China marks 80th anniversary of Nanking massacre
China on Wednesday marks the 80th anniversary of the Nanking massacre by Japanese troops, an enduring source of bad blood between the two nations.
Top leaders will preside over memorial services in the eastern city, but Beijing has yet to confirm whether President Xi Jinping will lend weight to the occasion by attending.
China says about 300,000 civilians and soldiers were killed in a frenzy of murder, torture, rape, arson and looting in the six weeks after the invading Japanese military entered Nanjing, then the capital city, on December 13, 1937.
It remains one of the most fraught anniversaries for the two powerful neighbours due to stubborn disputes over the toll and periodic denials by Japanese arch-conservatives that the episode took place.
Many in China say this symbolises Japan’s unwillingness to completely atone for its wartime aggression.
Officially, Japan concedes that “the killing of a large number of non-combatants, looting and other acts occurred” but says it is difficult to determine precise figures.
The issue receded during the cold war, but has re-emerged as China strikes an increasingly muscular stance under Xi, while critics say Japanese revisionists have grown bolder since conservative Prime Minister Shinzo Abe took office.
China in 2014 formally made the anniversary a national day of remembrance, effectively raising its profile.
Yu Zhensheng, current number four leader of Chinese Communist Party and chairman of the National Committee of the Chinese People’s Political Consultative Conference, told the gathering that compared with the 1930s and 1940s, China has enhanced its economic, scientific and military power, but would always work towards for world peace and defend the international order.
“China will always adhere to the path of peaceful development. However developed we may become, China will never seek hegemony and never go in for expansion, never impose the tragedy that we had experienced onto other nations,” said Yu.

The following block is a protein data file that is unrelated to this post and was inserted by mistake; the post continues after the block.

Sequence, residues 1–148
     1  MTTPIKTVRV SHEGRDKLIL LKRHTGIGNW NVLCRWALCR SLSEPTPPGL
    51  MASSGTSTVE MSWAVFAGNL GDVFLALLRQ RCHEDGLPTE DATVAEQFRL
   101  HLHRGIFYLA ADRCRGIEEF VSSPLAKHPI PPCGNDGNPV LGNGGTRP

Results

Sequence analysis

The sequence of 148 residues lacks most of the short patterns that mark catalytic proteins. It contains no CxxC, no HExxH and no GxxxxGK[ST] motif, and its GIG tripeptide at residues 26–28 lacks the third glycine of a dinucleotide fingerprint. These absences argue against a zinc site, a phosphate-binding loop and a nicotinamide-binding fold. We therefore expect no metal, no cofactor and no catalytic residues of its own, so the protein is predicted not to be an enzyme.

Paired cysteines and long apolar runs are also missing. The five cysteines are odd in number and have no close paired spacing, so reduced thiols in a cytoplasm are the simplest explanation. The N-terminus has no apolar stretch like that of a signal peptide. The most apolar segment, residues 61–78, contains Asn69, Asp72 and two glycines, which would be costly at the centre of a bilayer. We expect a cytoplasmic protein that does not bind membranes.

Yu also referred to Japan’s wartime atrocities involving other countries, such as Manila massacre, the Bataan Death March and the Thai-Burma railway during the Second World War, adding that memories of the war should be retained to ensure peace in future..
Yu said China and Japan should “learn from history and face the future, continue to be friends for generations, and jointly contribute to world peace.
“China will …deepen its relationships with neighbouring countries, including with Japan,” said Yu.
Liang Yunxiang, an international relations expert at Peking University, said Beijing wants to keep such memories alive as leverage against Japan in modern-day disputes such as maritime territorial squabbles.
“There are current conflicts between the two countries so historical issues are re-emerging. All history is contemporary,” said Liang. “Japan thinks these historical issues should have ended, but China keeps hammering them as it becomes more powerful.”
Commemorations will centre on the sombre and poignant memorial hall and museum in Nanjing, but observances are expected elsewhere throughout China as well.
Beijing has said little about the anniversary, but a Chinese group this week reiterated its annual demand for Japan to compensate relatives of victims.
Fewer than 100 people designated as massacre “survivors” remain alive, however, and both sides have repeatedly expressed a desire to look forward and avoiding rocking their huge trade relationship.
But the spectre of Japanese aggression refuses to completely fade away.
Abe, the grandson of a wartime minister, has been accused of trying to gloss over it.
He expressed “deep remorse” two years ago for Japan’s actions in Asia, but also said future Japanese generations need not continually apologise, drawing criticism in China and South Korea, another wartime victim.
Japanese politicians have also repeatedly angered Asian neighbours by visiting Tokyo’s Yasukuni Shrine, which commemorates Japan’s military dead including convicted war criminals.
Xi marked the first national remembrance day with a speech in Nanjing saying the slaughter and its 300,000 deceased victims could not be denied.
Japan invaded China in the 1930s and they fought a full-scale war between 1937 and 1945, until Japan’s defeat in the Second World War.
China suffered immense loss of life, reserving special anger over a sense that Japan, unlike Germany, has never properly atoned for its actions.
Relations plunged in 2005 as China was swept by rare anti-Japan protests denouncing its war conduct.
But analysts say China’s stability-obsessed leaders are deeply fearful of letting such passions re-emerge and potentially spiral out of control.
Additional reporting by Liu Zhen